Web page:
“In collective work, performed with a light heart to attain a desired end...each will find an incentive and the necessary relaxation that makes life pleasant.”
The Conquest of Bread, 1906.
When I was a kid, my family always spent the holidays with the grandparents. We’d leave home early on the 24th and drive six hours for a storybook Christmas in the country complete with snow, tree, turkey and presents galore. When I was 7, going to the farm took on added significance. My dad was on strike. There was no money for gifts or decorations or fancy foods. If we didn’t go, we wouldn’t have any Christmas at all.
X-mas eve morn, my brothers and I were up before dawn, ready to leave. Everything was packed. Except for the stuff to eat on the road (sandwich makings, fruit, nuts, veggies, sodas, pop corn and eggs) the refrigerator was cleaned out.
During breakfast, it started to snow. We waited. It snowed harder, the snow turned into sleet and the sleet became hail. We took a long nap. When we woke, the storm had started to clear but there was a new problem. The car, my dad told us, wouldn’t start. There was no way to fix it in time for Christmas. We had to stay home.
My father said later it was the look on our faces that made him do what he did. He put on his jacket, declared he would find us a tree and set off on foot pulling my brother’s sled. He was back in less than an hour. The Christmas tree lot was sold out. Not one left. But he had brought back a pile of leftover branches which we carried inside. Then, with the branches, twine and our old coat rack, he made us a tree. With the extra boughs, we decorated the house and made wreaths by using bent wire coat hangers as a base. Out of popcorn, old newspapers, cereal boxes, cellophane and aluminum foil we made chains, stars and ornaments for our tree.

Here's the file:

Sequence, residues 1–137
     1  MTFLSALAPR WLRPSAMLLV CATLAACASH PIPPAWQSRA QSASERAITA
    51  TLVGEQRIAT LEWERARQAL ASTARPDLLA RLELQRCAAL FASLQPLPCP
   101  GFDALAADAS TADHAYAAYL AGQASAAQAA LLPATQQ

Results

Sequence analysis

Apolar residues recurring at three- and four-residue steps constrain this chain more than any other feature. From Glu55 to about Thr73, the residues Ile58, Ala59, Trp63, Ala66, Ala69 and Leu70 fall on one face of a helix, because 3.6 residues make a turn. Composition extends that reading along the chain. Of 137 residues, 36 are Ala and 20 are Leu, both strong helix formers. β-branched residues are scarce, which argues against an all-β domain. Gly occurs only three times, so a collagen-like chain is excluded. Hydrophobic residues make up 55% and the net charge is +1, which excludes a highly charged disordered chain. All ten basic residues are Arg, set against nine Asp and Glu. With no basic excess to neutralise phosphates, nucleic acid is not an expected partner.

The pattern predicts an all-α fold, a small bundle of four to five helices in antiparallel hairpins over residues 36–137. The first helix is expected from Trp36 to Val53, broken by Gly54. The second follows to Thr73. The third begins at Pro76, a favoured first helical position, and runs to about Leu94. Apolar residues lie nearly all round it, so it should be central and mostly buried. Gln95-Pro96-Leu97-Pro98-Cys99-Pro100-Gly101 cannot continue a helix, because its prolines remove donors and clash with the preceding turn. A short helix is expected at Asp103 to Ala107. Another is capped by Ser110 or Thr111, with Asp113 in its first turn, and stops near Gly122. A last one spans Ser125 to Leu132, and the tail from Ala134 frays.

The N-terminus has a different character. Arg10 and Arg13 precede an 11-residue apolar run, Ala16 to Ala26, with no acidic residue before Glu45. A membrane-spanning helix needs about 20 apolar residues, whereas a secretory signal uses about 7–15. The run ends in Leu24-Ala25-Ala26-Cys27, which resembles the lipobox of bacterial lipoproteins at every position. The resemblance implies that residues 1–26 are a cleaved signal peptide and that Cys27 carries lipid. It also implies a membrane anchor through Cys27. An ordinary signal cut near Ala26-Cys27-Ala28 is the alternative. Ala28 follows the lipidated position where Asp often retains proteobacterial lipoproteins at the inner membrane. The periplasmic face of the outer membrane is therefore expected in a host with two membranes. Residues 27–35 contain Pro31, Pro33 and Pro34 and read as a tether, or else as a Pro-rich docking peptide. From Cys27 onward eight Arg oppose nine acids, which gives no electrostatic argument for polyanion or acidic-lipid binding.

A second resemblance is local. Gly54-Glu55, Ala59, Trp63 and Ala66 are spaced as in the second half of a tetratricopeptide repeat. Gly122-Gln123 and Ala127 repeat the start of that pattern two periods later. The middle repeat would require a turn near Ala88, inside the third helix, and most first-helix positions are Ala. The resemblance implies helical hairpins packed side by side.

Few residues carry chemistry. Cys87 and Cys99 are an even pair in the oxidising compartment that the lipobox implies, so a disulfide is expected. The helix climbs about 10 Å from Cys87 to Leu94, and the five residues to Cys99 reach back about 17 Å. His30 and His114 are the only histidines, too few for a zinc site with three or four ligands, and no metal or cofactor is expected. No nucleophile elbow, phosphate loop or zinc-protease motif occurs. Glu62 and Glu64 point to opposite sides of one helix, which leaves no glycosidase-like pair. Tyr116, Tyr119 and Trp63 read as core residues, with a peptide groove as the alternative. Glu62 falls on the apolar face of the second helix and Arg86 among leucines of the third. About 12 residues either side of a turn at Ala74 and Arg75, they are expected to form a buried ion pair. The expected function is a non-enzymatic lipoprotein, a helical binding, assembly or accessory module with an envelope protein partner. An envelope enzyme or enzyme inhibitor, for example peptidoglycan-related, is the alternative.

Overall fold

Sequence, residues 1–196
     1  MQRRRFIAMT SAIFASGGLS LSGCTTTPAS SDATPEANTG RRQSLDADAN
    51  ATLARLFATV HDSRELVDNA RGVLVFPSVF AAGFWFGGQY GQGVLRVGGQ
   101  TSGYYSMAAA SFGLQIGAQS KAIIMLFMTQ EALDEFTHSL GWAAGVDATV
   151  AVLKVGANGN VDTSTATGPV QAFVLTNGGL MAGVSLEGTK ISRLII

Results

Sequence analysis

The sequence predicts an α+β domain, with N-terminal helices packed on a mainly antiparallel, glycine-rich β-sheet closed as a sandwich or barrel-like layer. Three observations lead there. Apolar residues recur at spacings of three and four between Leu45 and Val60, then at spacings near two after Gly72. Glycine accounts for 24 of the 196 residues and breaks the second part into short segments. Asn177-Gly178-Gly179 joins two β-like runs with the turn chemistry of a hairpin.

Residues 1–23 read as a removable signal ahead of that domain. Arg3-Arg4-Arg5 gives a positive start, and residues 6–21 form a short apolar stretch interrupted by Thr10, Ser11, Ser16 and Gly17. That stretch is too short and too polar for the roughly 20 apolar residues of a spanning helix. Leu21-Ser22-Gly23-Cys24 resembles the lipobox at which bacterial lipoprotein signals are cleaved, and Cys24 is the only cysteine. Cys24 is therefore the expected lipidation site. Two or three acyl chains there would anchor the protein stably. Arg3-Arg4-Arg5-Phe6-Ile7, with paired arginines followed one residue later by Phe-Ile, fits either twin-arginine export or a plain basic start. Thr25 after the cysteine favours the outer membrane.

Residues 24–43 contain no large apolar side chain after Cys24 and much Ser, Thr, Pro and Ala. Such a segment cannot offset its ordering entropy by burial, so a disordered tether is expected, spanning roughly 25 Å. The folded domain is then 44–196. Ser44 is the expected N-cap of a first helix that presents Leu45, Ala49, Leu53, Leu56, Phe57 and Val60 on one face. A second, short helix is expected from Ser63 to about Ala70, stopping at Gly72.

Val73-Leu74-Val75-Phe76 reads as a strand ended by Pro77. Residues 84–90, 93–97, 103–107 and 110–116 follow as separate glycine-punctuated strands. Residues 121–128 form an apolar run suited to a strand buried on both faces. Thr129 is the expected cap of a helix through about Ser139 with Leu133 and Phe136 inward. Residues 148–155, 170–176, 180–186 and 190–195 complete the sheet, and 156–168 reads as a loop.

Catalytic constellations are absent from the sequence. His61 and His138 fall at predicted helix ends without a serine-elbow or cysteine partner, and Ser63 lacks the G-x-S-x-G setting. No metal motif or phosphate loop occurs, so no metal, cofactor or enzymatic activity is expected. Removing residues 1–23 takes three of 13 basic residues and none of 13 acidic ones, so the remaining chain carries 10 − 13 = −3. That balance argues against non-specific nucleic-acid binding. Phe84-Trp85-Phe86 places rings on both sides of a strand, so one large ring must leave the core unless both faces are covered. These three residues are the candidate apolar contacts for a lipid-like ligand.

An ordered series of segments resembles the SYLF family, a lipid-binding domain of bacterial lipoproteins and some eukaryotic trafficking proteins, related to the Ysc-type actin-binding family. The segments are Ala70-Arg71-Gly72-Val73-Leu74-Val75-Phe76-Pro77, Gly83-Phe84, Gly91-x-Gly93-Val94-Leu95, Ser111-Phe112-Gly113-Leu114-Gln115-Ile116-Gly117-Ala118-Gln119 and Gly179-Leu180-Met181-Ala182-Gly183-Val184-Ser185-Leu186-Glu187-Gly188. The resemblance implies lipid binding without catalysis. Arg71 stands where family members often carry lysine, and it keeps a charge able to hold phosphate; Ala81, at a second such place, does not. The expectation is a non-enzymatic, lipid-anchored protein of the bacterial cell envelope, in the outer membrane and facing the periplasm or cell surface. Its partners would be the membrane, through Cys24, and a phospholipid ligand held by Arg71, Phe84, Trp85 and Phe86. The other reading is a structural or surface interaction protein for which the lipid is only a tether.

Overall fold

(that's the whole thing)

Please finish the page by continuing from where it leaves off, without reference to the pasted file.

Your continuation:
We fashioned colored tinsel from thread, used yarn and twine for bows, cut snow flakes out of paper napkins and drew Xmas cartoons for the walls. We constructed an angel using a toilet paper roll, paper towels, cotton and paper doilies and created a Christmas scene with action heroes, stuffed animals and dolls from other lands. We ate peanut butter sandwiches and popcorn while we worked, drank sodas, laughed and squabbled a lot.
After we finished, we searched closets and drawers for forgotten toys and games to give to each other. We secretly wrapped our gifts using the Sunday comics, old magazines, paper bags, cardboard boxes and scraps of cloth.
Christmas morning, we breakfasted on homemade caramel corn with peanuts and bananas and admired our work before opening the packages. That year, I got a real silk scarf, beads that went around my neck three times, a stuffed frog, catcher’ s mitt, lotion, marbles, badminton set, deck of cards and a book of Greek Myths.
At Christmas dinner we feasted on a turkey shaped tuna fish loaf baked to a delectable golden brown accompanied by a celery/bread stuffing, candied carrots and fresh squeezed orange juice. Over desert, an apple crisp replete with raisins and nuts, we all agreed it was the most marvelous Christmas ever, at least the most fun.
Like my father always said, it ain’t what you got but what you do with what you have that counts.
Happy Holidays, Berkeley and Best Wishes for the coming year.›